“Inner social action” is necessary in order to make our outer actions productive.
There have been many dark ages throughout history.
As we now enter into a seismic shift within our government, and within our collective consciousness, we can’t help but empathize with the feelings of fear, division and anger that now personally affect so many within our society. It’s sometimes difficult to remember to consider the “long view” in the scheme of things; to remember that there has always been light to balance out the darkness.
The reality of impermanence permeates our lives in every way, yet here we are in the “here and now,” being tested in ways we never imagined. Our tenets of freedom and social justice are being challenged on a daily basis, and our principals of what fairness and equality mean are being vehemently disrupted.
So what are our options now, not only for ourselves, but for society as a whole? And how do we harmonize with those we are in disagreement with?
As we find ourselves in a deeply polarized country, it seems we have a fine line to walk: In the material world, we have to attend to our actions as individuals and as citizens, yet it is equally important to attend to our inner being.
There is doing and there is being. In being, we have to quiet down inside of ourselves. We have to anchor ourselves in spiritual wisdom, keep our love strong, and remain compassionate, even towards those who we do not agree with. While remaining centered in our own being, we need to do whatever actions we can to alleviate the potential negative effects of this new era.
A big lesson that we have learned is that social action is effective when spiritual quietness, listening, and the Witness are present. With the cultivation of spiritual values like compassion, love and wisdom, all actions have the possibility of a positive outcome. We can’t make a difference when we are enraged.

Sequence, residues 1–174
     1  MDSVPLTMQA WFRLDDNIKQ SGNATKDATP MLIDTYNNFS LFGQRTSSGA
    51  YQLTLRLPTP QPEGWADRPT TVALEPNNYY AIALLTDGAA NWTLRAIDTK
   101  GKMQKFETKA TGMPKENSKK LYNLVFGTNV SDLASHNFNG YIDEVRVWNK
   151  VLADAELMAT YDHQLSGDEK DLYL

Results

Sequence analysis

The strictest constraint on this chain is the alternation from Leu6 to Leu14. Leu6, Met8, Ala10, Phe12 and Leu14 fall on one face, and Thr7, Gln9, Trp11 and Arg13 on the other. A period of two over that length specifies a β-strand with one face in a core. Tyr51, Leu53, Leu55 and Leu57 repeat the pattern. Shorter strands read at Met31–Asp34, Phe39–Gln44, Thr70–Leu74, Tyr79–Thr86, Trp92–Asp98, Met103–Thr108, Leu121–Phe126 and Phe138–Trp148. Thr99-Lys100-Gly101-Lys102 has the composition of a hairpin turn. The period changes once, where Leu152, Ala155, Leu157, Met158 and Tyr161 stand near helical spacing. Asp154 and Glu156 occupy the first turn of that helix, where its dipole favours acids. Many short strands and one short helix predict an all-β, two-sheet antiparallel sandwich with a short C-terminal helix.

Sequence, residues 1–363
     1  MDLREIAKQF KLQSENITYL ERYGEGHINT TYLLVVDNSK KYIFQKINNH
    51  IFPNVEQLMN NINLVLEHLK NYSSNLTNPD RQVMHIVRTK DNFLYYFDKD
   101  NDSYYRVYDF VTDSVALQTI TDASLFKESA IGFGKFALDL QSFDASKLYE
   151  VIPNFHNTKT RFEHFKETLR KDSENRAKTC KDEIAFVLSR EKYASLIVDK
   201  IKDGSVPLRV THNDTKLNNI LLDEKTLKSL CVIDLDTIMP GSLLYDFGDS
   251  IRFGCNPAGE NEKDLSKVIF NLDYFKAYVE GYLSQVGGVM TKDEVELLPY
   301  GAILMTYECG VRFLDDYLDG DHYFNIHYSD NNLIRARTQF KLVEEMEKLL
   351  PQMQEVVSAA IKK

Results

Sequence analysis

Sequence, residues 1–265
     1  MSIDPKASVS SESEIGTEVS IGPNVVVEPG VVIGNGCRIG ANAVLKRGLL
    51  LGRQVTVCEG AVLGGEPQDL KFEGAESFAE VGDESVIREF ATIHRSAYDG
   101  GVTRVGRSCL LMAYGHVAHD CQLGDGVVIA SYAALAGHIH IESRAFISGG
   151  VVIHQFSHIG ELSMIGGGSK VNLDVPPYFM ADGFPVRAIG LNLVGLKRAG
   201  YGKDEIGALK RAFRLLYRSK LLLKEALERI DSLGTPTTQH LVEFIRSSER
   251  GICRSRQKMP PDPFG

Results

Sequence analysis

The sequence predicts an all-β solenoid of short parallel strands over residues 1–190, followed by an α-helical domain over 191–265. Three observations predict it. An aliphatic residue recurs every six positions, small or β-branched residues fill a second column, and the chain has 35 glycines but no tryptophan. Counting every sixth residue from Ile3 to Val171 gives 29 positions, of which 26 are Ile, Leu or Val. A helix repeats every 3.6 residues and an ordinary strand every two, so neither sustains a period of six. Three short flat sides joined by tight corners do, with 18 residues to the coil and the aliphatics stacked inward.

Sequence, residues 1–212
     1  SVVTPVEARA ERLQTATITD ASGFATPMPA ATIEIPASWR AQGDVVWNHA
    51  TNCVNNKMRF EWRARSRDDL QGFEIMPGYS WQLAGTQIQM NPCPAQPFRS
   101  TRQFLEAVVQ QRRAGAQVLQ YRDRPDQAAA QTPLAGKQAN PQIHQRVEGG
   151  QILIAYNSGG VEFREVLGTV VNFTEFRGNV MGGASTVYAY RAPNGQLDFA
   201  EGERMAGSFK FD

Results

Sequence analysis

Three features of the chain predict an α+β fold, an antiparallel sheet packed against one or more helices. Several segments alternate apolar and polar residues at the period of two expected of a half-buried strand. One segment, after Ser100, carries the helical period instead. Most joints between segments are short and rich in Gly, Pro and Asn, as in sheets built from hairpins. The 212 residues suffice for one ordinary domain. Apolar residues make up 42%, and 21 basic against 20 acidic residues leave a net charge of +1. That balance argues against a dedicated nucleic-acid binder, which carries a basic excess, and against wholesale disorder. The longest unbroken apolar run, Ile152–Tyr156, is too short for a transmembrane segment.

The mere existence of President Trump creates a spiritual curriculum for everyone. We need to all take a look at our individual fear, anger, and our labeling of “us” and “them.” That’s the work. When we identify with our soul, we surround those difficult thoughts and emotions with love. We create a spacious and calm moment from within which allows these dark disturbances to transform. It’s hard to do, which is why that’s the work. It’s the concept of “fierce grace”: The dark moments we are handed in life give us the chance to dig deeper into ourselves as human beings, to turn our lives away from separation and into compassion and interconnection.
Thich Nhat Hanh once said, “We need enlightenment, not just individually, but collectively to save the planet. We need to awaken ourselves. We need to practice mindfulness if we want to have a future. If we want to save ourselves as a planet.”
The most pressing issue is the polarization of our fellow humans with whom we vigorously disagree. We may find it nearly impossible to have any constructive dialogue with those whose views we oppose. This creates a kind of divergence within us that gives power to a sense of righteousness.
So, how do we deal with that? How do we transform our own hatred, our own judgment of others? How do we relate to people who, in this case, directly support Trump and have a completely different attitude and opinion about how this country should be led?
We are all Americans; that’s our tribe. They aren’t “the other.” They are part of our tribe and that’s what is frustrating to us. We need to engage with a deeper listening; we need to understand and appreciate the causes and conditions that created this particular landscape. We need to learn what produced the story line in which we have become invested and in which we are intractably bound up.
When we spent time in India with our Guru, Neem Karoli Baba, we had the good fortune to experience unconditional love from a human being who represented the potential we all have as humans. And that unconditional love is what we need to cultivate in order to surround these negative emotions with loving awareness.
Loving is a tall order when we feel so oppressed by the dark shadows and implications for our way of life, including the health and sustainability of our planet. But as we know so well, embodying this love results in truly responsible social action.
So what choice do we really have but to do the work of love?
– Ram Dass & Raghu Markus